Curative therapy for individuals with severe sickle cell disease (SCD) who lack an HLA-identical sibling donor has been frustratingly elusive. In with the goal of improving engraftment while minimizing transplantation-related morbidity, a multi-institutional learning collaborative was developed in the context of a Phase II clinical trial of nonmyeloablative, related HLA-haploidentical (haplo) bone marrow transplantation (BMT) with post-transplantation cyclophosphamide. All eligible participants had hemoglobin SS, and 89% (16 of 18) had an identifiable donor. The median patient age was 20.9 years (IQR, 12.1 to 26.0 years), and the most common indication for transplantation was overt stroke (in 69%; 11 of 16). In the first 3 patients, the conditioning regimen consisted of antithymocyte globulin, fludarabine, cyclophosphamide, and low-dose total body irradiation. Graft-versus-host disease (GVHD) prophylaxis included post-transplantation cyclophosphamide, mycophenolate mofetil, and sirolimus. Primary graft rejection occurred in 2 of the 3 patients (67%), which triggered the study-stopping rule. To reduce graft rejection risk, thiotepa was added to the conditioning regimen, and then 15 patients (including 2 with previous graft rejection) underwent haplo-BMT with this thiotepa-augmented conditioning regimen. At a median follow-up of 13.3 months (interquartile range [IQR], 3.8 to 23.1 months), 93% (14 of 15) had >95% stable donor engraftment at 6 months, with 100% overall survival. The median time to neutrophil engraftment (>500) was 22 days (IQR, 19 to 27 days), and that for platelet engraftment (>50 x 109/L) was 28 days (IQR, 27 days to not reached). Two patients had grade III-IV acute GVHD, 1 patient had mild chronic GVHD, and 86% of patients (6 of 7) were off immunosuppression therapy by 1-year post-transplantation. Our data suggest that haplo-BMT with post-transplantation cyclophosphamide and thiotepa improves donor engraftment without significantly increasing morbidity or mortality and could dramatically expand curative options for individuals with SCD.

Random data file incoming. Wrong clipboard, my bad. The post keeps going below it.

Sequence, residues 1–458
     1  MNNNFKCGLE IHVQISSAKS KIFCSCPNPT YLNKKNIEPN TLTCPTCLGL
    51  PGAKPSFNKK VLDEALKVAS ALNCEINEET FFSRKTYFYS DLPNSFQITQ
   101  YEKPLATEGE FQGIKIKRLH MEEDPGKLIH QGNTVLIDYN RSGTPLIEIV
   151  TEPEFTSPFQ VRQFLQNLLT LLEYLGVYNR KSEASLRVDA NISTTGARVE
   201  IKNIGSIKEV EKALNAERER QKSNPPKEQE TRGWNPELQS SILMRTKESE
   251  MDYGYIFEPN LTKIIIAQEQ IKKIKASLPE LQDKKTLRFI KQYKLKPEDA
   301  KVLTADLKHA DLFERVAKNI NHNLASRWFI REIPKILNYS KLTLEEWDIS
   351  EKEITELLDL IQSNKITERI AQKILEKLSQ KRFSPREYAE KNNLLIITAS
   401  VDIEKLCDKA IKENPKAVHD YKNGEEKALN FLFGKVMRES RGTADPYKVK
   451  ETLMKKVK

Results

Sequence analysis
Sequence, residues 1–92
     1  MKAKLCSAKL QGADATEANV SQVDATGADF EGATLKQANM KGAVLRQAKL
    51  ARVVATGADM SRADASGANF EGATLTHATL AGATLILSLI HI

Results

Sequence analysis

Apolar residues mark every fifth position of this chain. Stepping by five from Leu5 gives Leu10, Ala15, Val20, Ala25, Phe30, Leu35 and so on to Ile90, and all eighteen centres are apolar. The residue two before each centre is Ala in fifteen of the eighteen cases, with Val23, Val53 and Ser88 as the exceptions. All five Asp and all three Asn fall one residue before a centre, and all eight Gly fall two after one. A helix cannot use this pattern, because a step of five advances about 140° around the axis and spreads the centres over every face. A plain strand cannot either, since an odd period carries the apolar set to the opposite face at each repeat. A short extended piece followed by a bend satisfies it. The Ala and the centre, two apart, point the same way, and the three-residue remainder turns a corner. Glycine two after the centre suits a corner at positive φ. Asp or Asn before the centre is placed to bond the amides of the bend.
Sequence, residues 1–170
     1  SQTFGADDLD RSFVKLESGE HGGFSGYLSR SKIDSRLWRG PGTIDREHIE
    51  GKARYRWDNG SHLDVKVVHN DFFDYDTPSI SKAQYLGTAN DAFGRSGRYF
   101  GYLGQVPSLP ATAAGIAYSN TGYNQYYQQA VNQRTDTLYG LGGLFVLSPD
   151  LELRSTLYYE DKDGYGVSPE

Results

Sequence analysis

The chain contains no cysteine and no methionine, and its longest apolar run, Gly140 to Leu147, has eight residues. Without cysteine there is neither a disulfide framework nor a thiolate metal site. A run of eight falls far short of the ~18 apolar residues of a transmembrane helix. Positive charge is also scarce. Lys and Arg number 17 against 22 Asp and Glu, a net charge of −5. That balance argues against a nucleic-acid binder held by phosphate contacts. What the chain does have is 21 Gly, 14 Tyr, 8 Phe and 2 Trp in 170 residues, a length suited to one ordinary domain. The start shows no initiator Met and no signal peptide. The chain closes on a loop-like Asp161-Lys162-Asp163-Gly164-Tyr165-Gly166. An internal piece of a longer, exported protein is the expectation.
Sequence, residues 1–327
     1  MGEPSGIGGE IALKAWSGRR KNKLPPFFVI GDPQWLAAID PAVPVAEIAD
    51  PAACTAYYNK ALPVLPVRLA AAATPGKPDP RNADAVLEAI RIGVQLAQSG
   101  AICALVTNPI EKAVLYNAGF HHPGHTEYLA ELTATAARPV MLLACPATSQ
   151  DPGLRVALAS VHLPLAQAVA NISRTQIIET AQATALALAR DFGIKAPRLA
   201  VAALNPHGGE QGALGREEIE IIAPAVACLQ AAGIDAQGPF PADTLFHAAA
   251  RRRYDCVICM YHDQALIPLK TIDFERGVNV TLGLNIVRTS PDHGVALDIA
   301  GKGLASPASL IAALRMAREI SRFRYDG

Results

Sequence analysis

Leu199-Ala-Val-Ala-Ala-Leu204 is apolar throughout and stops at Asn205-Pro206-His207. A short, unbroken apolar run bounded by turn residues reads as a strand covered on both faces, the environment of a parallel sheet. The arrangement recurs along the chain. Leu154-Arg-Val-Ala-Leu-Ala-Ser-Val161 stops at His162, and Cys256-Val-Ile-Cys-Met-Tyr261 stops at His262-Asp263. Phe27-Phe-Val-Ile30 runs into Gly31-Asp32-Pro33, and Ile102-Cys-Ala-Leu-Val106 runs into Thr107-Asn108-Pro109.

- Bone marrow transplantation
- Post-transplantation cyclophosphamide
- Sickle cell disease
ASJC Scopus subject areas